A traveling band of Bushman of the Kalahari Desert in Africa ask for help while thirsty and starving and describe how they were walking towards the lightning but were afraid to approach the Land-Rovers because the police had arrested someone for hunting a giraffe.
January 2, 1961
The Heart of the Hunter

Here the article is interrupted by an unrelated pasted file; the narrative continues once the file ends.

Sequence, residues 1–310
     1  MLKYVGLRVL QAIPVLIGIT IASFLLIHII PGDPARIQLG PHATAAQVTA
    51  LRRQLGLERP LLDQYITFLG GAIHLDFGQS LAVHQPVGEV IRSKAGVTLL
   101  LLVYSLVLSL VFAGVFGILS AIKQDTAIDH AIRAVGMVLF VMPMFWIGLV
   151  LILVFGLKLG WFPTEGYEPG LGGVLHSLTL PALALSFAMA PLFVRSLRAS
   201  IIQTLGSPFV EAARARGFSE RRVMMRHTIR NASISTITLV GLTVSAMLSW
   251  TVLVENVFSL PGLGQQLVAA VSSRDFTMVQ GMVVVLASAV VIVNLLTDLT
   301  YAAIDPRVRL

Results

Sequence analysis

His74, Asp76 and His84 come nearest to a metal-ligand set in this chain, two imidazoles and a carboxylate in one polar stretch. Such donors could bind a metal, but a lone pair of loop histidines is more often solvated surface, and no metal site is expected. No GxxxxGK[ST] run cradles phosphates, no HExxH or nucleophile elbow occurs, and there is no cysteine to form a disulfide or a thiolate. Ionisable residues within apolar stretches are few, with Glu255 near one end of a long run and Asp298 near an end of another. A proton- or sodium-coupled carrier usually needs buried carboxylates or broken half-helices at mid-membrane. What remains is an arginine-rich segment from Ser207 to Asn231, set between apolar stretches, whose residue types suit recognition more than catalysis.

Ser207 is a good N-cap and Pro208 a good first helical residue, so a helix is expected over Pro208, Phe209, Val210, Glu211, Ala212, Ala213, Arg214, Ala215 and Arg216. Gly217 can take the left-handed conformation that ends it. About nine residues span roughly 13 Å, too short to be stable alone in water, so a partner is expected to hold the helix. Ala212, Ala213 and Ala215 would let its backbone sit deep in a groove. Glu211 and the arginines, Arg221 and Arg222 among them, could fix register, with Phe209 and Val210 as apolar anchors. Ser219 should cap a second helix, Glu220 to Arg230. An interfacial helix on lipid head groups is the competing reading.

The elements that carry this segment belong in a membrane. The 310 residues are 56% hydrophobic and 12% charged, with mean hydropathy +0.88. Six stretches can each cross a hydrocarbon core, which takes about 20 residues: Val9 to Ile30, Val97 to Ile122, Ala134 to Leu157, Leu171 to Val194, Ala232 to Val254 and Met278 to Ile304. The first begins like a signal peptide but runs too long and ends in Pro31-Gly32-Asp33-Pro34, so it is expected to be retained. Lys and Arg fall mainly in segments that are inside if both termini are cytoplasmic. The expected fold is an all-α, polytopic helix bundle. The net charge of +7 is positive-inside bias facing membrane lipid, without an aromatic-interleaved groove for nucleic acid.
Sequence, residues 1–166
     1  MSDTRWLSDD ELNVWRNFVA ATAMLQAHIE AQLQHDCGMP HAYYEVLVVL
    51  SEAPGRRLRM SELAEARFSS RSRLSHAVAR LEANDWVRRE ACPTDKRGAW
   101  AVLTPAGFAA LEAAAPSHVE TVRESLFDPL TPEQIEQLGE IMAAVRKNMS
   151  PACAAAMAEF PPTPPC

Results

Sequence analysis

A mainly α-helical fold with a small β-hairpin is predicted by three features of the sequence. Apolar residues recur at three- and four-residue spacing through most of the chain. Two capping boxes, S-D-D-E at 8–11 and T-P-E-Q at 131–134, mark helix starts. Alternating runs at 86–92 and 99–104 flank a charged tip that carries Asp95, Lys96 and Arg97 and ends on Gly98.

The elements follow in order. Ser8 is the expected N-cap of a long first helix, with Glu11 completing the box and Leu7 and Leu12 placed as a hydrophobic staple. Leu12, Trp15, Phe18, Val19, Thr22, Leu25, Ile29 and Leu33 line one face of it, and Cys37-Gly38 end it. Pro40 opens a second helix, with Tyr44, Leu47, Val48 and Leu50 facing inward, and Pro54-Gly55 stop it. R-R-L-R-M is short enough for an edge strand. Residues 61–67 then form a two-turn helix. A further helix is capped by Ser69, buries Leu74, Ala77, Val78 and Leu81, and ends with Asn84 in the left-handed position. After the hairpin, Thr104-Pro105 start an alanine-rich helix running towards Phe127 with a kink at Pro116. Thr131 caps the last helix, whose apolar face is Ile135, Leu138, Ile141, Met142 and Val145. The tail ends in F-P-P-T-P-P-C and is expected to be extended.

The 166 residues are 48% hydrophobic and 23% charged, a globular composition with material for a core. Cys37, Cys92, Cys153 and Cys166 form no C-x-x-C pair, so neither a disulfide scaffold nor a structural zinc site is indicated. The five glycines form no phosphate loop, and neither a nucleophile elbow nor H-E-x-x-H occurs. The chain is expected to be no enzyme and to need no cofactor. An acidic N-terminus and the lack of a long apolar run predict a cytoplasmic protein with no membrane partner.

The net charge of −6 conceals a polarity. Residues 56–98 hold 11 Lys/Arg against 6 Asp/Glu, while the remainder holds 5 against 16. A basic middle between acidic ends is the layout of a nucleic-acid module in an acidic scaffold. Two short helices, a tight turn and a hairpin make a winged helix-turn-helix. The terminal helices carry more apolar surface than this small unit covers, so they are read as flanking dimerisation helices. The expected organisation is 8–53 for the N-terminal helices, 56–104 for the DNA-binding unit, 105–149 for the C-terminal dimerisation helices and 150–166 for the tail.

Meanwhile we had learnt something of their story. They came from a plain called after a fabulous kind of sweet potato dug up there three years ago. Their arms were not long enough to demonstrate the size of the potato to us. The plain was, as they put it in their tongue, ‘far, far, far away’ to the east. It was lovely how the ‘far’ came out of their mouths. At each ‘far’ a musician’s instinct made the voices themselves more elongated with distance, the pitch higher with remoteness, until the last ‘far’ of the series vanished on a needle-point of sound into the silence beyond the reach of the human scale. They left this ‘far, far, place’ because the rains just would not come. Their water was gone; the tsamma – melons which meanwhile sustained them and the game on which they live – were soon eaten up. The roots and tubers we compared to potatoes and turnips were more and more difficult to find and in any case not enough for survival. The game had moved away first. Only snakes, lizards, scorpions, spiders, and some ants were left. Then one night lightning flashed over the horizon in the west. They knew at once what to do. Since they own nothing permanently which they cannot carry, they could act at once. The men just took up their bows, poisoned arrows, and spears and left the plain behind them; the women bundled up in skin shawls their water-flasks of ostrich egg-shells and their stampingblocks – the wooden pestles and mortars which are their most precious possessions and badge of womanhood. Grubbing-sticks in hand, and for long hours with the youngest children on their hips, they followed their men. They made for the quarter in the west where the lightning flashed most. They had forgotten how many days they had walked towards the lightning, but they were ‘many, many, many’. The awful part was that, though the lightning went on flashing along the horizon every night, they seemed to get no nearer the rain. Their condition steadily deteriorated, the country became increasingly desolate, yet they had endured this sort of thing so often before that they took it entirely for granted. They seemed to think it hardly worth the effort of remembering and certainly not that of talking about it. Yet despite the lack of detail and Dabé’s difficulty in coping with their dialect, we gathered that on this cloudless day without the least hint of rain their desperation was nearing its climax. They had just left the old father and mother behind, not expecting ever to see them again, when they heard the sound of our Land-Rovers. Yes! they knew about motor vehicles and avoided them because they connected them only with police patrols. No! they themselves had never seen any police, but some kinsmen of theirs had been taken away from their family once and had never come back because the police had caught them roasting a giraffe they had killed for food. But afraid as they were of police in particular and white men in general, they needed help so badly that they made straight for the place where they heard our vehicles.